Correlations between monthly air temperature (Ta) anomalies and ac monthly gross ecosystem productivity (GEP), eg ecosystem respiration (RE), and ik net ecosystem productivity (NEP) anomalies in spring (AM), summer (JJAS) and autumn (ON) in the 80-, 45-, and 17-year-old stands. Significant linear regressions at p < 0.01 are shown as solid lines. Significant linear regressions at 0.01 < p < 0.05 are shown as dash lines. The slope of the linear relationship between daily Ta anomalies and daily GEP (d), RE (h), and NEP (l) in each month are shown when the regression was significant at p < 0.05

Fig. 5
figure 5

Correlations between monthly relative extractable water (REW) anomalies and monthly gross ecosystem productivity (GEP) (ac), ecosystem respiration (RE) (eg), and net ecosystem productivity (NEP) (ik) anomalies in spring (AM), summer (JJAS) and autumn (ON) in the 80-, 45-, and 17-year-old stands. Significant linear regressions at p < 0.01 are shown as solid lines. Significant linear regressions at 0.01 < p < 0.05 are shown as dashed lines. The slope of the linear relationship between daily REW anomalies and daily GEP (d), RE (h) and NEP (l) in each month are shown when the regression was significant at p < 0.05

The sensitivities of daily GEP, RE, and NEP anomalies to Ta and REW anomalies at all three stands are shown in Fig. 6. Here, negative sensitivity values represent heat (dNEP/dTa < 0) and drought (dNEP/dREW < 0) stress. In early summer (June), all three stands showed decreases in GEP with Ta anomalies (dGEP/dTa < 0), while RE increased with Ta anomalies (dRE/dTa > 0) (Fig. 6c). Therefore, the sensitivity of NEP to Ta anomalies was negative in the summer at all three stands (Fig. 6e). The average summer NEP sensitivity to Ta anomalies was approximately 0.21, 0.36, 0.23 g C m−2 day−1 °C−1, for the 80-, 45- and 17-year-old stands, respectively, suggesting a strong heat stress impact in the summer. The sensitivity of NEP to Ta anomalies was the largest at the 45-year-old stand and smallest at the 80-year-old stand (Fig. 6d, h, l).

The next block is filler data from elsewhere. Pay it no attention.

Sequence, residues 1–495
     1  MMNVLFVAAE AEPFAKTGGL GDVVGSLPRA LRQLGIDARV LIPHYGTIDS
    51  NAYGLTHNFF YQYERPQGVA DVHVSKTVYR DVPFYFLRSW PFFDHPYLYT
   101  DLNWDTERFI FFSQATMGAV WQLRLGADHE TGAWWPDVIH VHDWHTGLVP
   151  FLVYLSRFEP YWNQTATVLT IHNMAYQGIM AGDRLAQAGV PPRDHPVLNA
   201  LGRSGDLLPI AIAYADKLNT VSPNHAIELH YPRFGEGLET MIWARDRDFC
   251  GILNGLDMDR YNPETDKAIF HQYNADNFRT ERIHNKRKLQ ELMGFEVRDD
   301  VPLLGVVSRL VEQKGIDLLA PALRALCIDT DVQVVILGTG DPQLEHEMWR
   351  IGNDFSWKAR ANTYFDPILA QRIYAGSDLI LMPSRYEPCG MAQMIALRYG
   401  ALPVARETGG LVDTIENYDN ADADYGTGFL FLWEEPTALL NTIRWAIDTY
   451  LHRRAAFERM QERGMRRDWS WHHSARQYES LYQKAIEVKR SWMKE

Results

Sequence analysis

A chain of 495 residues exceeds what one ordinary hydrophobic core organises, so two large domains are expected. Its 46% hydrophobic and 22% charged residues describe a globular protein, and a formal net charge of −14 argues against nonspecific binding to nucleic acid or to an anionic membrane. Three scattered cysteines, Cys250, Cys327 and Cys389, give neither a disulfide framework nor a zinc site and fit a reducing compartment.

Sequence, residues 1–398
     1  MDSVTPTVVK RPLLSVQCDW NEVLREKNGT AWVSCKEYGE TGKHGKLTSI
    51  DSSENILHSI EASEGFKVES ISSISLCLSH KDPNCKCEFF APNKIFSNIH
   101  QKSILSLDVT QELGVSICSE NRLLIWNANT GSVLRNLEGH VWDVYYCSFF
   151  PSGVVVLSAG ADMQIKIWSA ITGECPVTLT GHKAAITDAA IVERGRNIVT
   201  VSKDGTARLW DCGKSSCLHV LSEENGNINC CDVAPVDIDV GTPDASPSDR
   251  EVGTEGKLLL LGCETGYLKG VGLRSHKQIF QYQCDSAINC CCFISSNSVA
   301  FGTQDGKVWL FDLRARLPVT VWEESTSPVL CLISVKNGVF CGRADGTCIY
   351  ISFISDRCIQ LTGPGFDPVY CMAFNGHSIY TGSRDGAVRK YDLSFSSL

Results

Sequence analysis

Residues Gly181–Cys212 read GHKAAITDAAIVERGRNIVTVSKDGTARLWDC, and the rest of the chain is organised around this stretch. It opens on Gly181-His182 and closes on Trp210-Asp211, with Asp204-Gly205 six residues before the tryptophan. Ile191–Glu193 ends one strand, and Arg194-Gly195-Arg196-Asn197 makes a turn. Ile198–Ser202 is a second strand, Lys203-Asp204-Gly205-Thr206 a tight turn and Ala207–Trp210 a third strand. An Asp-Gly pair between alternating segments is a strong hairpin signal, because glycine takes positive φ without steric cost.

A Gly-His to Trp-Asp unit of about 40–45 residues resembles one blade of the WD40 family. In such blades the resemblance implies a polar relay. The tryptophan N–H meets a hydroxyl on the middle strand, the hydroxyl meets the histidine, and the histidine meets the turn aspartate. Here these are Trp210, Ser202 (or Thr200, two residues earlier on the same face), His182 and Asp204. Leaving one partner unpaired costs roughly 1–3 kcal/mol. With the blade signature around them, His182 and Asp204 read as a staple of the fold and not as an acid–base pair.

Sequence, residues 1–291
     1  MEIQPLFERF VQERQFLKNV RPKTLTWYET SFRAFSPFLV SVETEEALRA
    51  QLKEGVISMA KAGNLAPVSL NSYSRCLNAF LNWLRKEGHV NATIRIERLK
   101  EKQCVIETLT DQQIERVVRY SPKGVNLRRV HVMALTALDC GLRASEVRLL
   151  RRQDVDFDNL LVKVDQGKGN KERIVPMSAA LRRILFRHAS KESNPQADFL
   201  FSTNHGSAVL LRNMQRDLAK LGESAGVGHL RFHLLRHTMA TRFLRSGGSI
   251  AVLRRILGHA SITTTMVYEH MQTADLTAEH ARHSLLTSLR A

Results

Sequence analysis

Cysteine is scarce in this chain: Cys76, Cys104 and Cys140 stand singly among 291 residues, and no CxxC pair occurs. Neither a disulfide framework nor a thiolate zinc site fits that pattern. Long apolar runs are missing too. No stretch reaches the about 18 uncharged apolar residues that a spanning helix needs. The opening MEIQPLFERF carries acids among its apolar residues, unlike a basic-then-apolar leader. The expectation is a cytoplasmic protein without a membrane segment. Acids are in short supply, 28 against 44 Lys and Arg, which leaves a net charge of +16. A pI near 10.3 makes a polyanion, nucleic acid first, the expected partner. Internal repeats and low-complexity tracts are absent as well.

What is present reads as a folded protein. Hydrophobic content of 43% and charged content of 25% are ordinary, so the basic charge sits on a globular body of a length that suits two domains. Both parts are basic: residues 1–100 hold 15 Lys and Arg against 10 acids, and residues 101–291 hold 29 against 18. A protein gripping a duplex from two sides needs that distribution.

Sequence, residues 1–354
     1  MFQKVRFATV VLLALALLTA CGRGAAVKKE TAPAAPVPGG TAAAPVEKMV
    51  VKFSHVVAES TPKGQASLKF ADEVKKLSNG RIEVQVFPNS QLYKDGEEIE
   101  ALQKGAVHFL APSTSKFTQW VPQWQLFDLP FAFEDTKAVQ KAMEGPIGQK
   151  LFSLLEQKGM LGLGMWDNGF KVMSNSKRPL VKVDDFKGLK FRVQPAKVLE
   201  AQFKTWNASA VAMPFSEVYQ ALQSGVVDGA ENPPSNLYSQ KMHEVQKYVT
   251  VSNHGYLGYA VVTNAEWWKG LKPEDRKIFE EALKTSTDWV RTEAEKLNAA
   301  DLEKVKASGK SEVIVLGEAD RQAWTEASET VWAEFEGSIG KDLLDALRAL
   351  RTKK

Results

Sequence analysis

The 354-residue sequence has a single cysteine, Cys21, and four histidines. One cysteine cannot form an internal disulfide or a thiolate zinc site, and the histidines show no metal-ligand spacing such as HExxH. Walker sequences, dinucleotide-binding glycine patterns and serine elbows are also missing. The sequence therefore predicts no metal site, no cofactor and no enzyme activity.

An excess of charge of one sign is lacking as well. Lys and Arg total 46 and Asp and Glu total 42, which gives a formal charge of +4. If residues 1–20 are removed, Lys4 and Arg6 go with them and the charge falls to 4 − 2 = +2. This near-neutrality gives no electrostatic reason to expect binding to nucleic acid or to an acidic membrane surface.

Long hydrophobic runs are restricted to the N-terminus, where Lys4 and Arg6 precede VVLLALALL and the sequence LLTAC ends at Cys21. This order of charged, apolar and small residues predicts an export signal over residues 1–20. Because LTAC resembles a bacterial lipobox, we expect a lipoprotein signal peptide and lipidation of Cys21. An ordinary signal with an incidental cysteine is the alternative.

Fig. 6
figure 6

Daily sensitivities of carbon fluxes to air temperature (Ta) and dryness represented by relative extractable water (REW) anomalies. Curves show the mean sensitivity in the 15 day moving windows. Data were detrended and normalized to remove forest growth and long-term climate variability impacts. When the flux vs climate variable correlation for 15 day moving averages was significant (p < 0.05), the slope of the regression showed the effect of climate constraints on the carbon fluxes (following Schwalm et al. 2010; Wu and Chen 2013)

The drought stress (REW) showed a persistent positive effect on both GEP and RE in the two younger stands in the spring. In the summer, dry conditions had a similar negative effect on GEP and RE in the 80-year-old stand (dGEP/dREW < 0, Fig. 6b); therefore, NEP was not sensitive to REW anomalies. The 45-year-old stand showed a strong drought stress impact on NEP, which was mostly driven by the decreases in GEP (dGEP/dREW < 0, Fig. 6d). The sensitivity of GEP anomalies to REW anomalies gradually increased from negative to positive values during the summer in the 17-year-old stand and the drought stress had less of an impact on RE anomalies than GEP anomalies. As a result, the REW anomalies had a small negative effect on NEP anomalies in the early summer (−dNEP/dREW < 0, Fig. 6f), but the effect was reduced in the late summer in the youngest stand.